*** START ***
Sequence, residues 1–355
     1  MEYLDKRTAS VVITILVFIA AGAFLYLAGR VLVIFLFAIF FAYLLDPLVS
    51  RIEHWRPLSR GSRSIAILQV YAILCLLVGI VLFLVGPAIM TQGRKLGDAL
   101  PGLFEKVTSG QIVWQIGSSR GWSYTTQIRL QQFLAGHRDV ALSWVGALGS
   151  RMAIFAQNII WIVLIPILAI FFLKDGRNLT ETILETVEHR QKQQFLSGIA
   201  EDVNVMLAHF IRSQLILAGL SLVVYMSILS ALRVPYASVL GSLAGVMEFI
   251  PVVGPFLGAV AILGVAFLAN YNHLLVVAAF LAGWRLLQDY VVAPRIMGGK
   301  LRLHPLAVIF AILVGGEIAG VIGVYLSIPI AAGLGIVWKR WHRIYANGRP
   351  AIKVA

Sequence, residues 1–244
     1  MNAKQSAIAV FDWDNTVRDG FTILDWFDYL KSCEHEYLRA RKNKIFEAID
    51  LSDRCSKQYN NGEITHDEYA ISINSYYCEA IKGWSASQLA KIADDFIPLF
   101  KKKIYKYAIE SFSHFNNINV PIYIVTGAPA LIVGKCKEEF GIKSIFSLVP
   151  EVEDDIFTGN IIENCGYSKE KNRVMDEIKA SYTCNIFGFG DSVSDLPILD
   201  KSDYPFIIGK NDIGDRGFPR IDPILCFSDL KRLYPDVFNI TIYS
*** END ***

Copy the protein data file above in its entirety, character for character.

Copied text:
Sequence, residues 1–355
     1  MEYLDKRTAS VVITILVFIA AGAFLYLAGR VLVIFLFAIF FAYLLDPLVS
    51  RIEHWRPLSR GSRSIAILQV YAILCLLVGI VLFLVGPAIM TQGRKLGDAL
   101  PGLFEKVTSG QIVWQIGSSR GWSYTTQIRL QQFLAGHRDV ALSWVGALGS
   151  RMAIFAQNII WIVLIPILAI FFLKDGRNLT ETILETVEHR QKQQFLSGIA
   201  EDVNVMLAHF IRSQLILAGL SLVVYMSILS ALRVPYASVL GSLAGVMEFI
   251  PVVGPFLGAV AILGVAFLAN YNHLLVVAAF LAGWRLLQDY VVAPRIMGGK
   301  LRLHPLAVIF AILVGGEIAG VIGVYLSIPI AAGLGIVWKR WHRIYANGRP
   351  AIKVA

Sequence, residues 1–244
     1  MNAKQSAIAV FDWDNTVRDG FTILDWFDYL KSCEHEYLRA RKNKIFEAID
    51  LSDRCSKQYN NGEITHDEYA ISINSYYCEA IKGWSASQLA KIADDFIPLF
   101  KKKIYKYAIE SFSHFNNINV PIYIVTGAPA LIVGKCKEEF GIKSIFSLVP
   151  EVEDDIFTGN IIENCGYSKE KNRVMDEIKA SYTCNIFGFG DSVSDLPILD
   201  KSDYPFIIGK NDIGDRGFPR IDPILCFSDL KRLYPDVFNI TIYS